New Brunswick

At-home learning won't look the same for everyone

With at-home learning set to begin in the coming days, education officials want parents to know that they’re not expected to be teachers. 

Teachers will reach out over the next few days to deliver material to students at home

Classrooms in New Brunswick will sit empty until at least September, announced Education and Early Childhood Development Minister Dominic Cardy on Thursday. (François Gagnon/Radio-Canada)

With at-home learning set to begin in the coming days, education officials want parents to know that they're not expected to be teachers. 

"We cannot ask parents to take the place of teachers, much like our teachers cannot replicate the in-school experience in the home," said Zoë Watson, superintendent of Anglophone School District–South. 

And with so many families worried about a whole host of pandemic-related issues, "we certainly do not want to cause any additional anxiety for families right now," she said. 

"These are unprecedented times, and we do not want to cause any additional stress or anxiety for families. We know that everyone is doing the very best that they can."

Watson spent most of Friday on the phone, meeting with the district's 70 principals in small groups, planning how to roll out the new learning program that was announced Thursday.

Teachers are preparing to roll out at-home learning for students over the next few days. (Jenny Kane/The Associated Press)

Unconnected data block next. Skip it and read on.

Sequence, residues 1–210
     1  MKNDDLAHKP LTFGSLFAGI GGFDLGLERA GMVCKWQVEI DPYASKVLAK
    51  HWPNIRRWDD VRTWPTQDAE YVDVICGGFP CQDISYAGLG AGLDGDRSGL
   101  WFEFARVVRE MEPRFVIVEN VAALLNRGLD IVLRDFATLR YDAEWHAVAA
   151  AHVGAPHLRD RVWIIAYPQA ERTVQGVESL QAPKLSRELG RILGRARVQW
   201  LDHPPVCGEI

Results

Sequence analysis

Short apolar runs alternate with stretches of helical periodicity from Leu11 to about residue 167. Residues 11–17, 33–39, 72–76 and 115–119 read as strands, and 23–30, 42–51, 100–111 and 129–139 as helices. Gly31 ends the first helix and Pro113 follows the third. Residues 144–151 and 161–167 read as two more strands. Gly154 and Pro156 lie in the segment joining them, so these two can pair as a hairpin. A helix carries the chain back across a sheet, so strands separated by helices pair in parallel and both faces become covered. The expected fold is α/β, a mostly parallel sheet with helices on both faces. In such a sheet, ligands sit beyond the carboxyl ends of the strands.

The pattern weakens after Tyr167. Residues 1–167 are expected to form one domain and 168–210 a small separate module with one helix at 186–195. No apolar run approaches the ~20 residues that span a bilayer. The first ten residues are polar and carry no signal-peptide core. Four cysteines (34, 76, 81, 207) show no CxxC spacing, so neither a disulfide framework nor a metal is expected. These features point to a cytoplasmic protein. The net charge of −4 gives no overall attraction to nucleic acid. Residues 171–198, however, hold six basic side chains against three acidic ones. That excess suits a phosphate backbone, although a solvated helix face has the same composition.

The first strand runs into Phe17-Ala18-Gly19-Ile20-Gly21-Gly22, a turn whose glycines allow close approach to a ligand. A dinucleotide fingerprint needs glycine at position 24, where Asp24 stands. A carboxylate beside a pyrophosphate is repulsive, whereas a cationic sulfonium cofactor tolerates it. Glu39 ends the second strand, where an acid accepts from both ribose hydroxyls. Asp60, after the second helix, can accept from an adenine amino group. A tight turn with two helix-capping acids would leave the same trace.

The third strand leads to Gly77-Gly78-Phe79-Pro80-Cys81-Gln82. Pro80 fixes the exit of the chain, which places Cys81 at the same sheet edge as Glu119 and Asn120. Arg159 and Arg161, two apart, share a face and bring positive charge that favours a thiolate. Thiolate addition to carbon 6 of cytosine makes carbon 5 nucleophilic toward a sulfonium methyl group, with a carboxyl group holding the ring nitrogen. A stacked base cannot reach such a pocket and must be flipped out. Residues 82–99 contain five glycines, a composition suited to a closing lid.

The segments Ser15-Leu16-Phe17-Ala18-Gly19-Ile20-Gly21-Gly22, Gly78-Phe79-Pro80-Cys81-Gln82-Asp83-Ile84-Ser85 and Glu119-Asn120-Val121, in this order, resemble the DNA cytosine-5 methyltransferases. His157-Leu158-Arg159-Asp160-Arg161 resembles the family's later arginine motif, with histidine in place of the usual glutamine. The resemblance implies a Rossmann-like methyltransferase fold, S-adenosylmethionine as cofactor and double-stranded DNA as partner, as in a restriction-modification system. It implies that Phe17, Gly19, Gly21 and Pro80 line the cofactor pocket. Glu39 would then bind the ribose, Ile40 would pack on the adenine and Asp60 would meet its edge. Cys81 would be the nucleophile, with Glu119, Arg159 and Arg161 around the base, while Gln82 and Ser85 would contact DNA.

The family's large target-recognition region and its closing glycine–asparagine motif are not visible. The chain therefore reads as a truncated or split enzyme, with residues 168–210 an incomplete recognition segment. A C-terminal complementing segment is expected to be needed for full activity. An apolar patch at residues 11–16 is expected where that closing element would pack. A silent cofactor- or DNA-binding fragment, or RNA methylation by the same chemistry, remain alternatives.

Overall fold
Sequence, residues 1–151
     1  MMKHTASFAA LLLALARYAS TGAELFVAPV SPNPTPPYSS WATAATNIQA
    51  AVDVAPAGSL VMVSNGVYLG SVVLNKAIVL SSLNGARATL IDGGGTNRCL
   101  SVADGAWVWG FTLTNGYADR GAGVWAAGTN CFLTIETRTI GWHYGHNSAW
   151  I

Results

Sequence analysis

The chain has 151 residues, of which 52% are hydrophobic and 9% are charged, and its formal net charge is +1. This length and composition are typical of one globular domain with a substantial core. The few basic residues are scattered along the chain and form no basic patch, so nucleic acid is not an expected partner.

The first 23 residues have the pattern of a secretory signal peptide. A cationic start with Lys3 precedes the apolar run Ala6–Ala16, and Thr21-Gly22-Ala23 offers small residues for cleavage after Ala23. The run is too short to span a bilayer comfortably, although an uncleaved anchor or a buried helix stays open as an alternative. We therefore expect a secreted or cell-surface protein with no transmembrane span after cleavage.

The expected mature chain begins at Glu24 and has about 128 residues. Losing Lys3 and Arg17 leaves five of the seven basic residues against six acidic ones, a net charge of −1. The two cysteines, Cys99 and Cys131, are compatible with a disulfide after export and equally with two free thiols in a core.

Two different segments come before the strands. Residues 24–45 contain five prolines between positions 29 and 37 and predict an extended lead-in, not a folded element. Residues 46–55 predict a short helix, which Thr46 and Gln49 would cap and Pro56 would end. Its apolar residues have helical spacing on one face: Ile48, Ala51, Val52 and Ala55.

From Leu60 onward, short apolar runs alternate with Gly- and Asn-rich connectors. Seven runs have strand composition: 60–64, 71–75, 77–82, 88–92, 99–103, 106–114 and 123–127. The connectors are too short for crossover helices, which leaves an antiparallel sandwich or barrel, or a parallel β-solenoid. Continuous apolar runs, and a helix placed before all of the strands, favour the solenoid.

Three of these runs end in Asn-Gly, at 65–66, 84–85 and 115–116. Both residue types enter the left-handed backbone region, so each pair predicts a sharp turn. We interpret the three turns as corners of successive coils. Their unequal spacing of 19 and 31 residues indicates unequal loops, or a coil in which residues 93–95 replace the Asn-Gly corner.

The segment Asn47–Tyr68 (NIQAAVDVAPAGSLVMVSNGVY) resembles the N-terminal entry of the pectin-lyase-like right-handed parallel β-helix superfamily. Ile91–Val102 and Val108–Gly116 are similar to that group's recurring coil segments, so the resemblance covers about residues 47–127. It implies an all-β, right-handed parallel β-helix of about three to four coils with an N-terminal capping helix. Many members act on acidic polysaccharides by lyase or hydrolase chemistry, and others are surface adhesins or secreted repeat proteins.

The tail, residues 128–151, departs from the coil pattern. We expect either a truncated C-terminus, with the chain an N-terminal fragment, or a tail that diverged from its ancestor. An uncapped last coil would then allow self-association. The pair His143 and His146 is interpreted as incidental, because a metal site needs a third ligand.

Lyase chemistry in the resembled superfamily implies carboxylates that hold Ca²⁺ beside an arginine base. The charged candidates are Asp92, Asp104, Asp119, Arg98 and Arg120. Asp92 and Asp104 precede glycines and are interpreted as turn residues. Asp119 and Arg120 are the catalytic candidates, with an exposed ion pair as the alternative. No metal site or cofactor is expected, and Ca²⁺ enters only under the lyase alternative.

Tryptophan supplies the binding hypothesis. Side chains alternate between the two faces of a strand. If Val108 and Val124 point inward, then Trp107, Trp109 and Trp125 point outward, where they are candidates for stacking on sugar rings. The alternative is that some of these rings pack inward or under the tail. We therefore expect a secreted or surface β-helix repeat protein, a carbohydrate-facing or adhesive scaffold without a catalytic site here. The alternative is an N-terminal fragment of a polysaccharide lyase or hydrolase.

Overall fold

Education and Early Childhood Development Minister Dominic Cardy said schools would remain closed for the remainder of the school year and that teachers will be reaching out shortly to begin at-home learning. 

He also outlined recommendations for the amount of work students should be doing each day. For kindergarten to Grade 5, it's an hour a day; Grades 6-8, two hours; and for high school students, 2.5 hours. 

But exactly what it will look like is still up in the air, say education officials. 

It will also "vary by grade level, school and district," said Danielle Elliott, from Education and Early Childhood Development. 

She said some teachers have already begun reaching out to families. Those who haven't yet heard from their child's teacher will over the next few days. 

"Parents should wait for schools to make contact in the coming days, and if they have any questions, reach out to their school principal," said Elliott. 

Some resources for anglophone schools are already available on the New Brunswick Family Resource site, while the francophone school districts are in the process of establishing their own website in the coming days, she said. 

Watson said some teachers will be ready to deliver material next week, and the goal is for all teachers to reach out to students by April 13. 

Zoë Watson, Superintendent of the Anglophone School District - South, says parents aren't expected to take the place of teachers. (Kevin Mulcahy/Shutterstock )

The content will be up to individual teachers, said Watson, although some will be working together in already established Profession Learning Communities — meaning, for example, that several Grade 5 teachers could work together to deliver similar material.